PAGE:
This email, which purports to be from Australian telecommunications company Telstra, supposedly contains your latest Telstra business bill in an attached file. The email includes the Telstra logo and other company graphics and is professionally presented.
However, the email is not from Telstra and the attachment does not contain a bill as you might expect. Instead, the attached .zip file hides a dangerous .exe file that, if opened, can install malware on your computer. The exact purpose of this malware may vary in different incarnations of the message. But, typically, such malware can collect sensitive information such as banking passwords from the infected computer and send it to cybercriminals. It may also download and install other types of malware and allow the criminals to take control of the infected computer.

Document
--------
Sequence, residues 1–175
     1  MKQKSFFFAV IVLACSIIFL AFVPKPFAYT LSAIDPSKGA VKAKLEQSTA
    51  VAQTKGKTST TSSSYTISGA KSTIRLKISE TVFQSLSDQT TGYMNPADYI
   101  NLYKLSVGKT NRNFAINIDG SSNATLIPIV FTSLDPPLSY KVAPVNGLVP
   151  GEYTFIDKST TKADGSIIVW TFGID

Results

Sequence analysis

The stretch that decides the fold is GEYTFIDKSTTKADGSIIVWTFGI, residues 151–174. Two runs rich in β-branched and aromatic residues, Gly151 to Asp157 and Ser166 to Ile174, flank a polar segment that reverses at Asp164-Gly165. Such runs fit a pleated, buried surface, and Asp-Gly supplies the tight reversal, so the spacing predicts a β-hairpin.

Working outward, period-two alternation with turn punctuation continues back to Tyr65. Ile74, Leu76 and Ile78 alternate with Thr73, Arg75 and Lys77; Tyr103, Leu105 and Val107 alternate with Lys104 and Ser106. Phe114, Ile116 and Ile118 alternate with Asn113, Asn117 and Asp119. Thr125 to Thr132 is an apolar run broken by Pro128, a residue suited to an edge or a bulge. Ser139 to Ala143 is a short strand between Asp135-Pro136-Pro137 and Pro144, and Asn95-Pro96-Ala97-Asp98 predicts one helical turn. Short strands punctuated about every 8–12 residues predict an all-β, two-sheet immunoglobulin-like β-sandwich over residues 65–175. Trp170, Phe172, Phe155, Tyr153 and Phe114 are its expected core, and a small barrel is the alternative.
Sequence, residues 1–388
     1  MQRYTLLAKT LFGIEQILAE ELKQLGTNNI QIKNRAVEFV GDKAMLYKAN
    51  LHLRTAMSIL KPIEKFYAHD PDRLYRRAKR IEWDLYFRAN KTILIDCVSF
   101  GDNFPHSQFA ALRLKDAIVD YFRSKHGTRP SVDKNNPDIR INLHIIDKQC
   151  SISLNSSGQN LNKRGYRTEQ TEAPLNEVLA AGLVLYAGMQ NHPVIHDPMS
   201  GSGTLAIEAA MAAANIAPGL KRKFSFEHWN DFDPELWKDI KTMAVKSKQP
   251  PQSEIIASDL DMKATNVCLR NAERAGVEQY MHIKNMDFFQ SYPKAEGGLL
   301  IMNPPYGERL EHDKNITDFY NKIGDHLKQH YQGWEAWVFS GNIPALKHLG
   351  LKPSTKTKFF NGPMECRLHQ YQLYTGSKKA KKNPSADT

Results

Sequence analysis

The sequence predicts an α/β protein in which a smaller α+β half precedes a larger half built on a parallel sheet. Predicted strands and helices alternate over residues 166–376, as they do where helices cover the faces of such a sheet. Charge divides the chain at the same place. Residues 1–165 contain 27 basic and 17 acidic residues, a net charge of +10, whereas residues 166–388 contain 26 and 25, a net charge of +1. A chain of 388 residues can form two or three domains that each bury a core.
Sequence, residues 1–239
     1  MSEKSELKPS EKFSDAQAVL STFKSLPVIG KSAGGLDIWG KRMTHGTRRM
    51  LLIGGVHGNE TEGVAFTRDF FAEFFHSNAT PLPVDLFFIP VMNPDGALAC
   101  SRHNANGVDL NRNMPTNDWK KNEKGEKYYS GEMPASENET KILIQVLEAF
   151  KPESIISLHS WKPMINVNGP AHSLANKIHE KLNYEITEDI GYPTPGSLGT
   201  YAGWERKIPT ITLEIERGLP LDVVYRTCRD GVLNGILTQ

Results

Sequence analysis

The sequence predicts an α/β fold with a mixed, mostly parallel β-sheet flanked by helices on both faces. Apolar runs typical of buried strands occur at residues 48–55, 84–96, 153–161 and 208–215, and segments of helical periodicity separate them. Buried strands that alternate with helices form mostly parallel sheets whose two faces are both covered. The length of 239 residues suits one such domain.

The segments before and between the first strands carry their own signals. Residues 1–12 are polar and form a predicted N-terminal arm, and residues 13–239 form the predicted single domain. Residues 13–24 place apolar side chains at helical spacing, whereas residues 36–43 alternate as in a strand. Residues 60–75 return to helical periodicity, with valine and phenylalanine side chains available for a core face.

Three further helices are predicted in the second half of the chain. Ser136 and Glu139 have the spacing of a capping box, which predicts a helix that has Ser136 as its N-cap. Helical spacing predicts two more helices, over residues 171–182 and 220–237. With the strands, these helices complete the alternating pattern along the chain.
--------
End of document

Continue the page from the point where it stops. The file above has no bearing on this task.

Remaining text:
As such malware campaigns go, this is a fairly sophisticated attempt. The email closely emulates a genuine Telstra email bill. If you are expecting your bill email, you might not notice at first glance that the account number and email address listed on the message do not belong to you, especially since the email uses a spoofed address to make it look like it was really sent by Telstra. The legitimate emails do include bills as attached files, but they are PDFs, not .zip files with .exe files inside. Genuine Telstra bills will include your full name as well as your normal account number.
Online criminals have repeatedly used fake bill emails to trick Telstra customers into installing malware or divulging personal information. Similar malware emails purporting to be from Telstra have been hitting inboxes for several years. Other versions do not carry malware but are instead phishing scams designed to trick you into sending your personal and financial information to online crooks via fake websites or fraudulent forms contained in email attachments.
If you receive your Telstra bills via email, always take the time to check that any bill emails your receive are really from Telstra before you open the attachment or click any links.
Last updated: February 16, 2016
First published: February 16, 2016
By Brett M. Christensen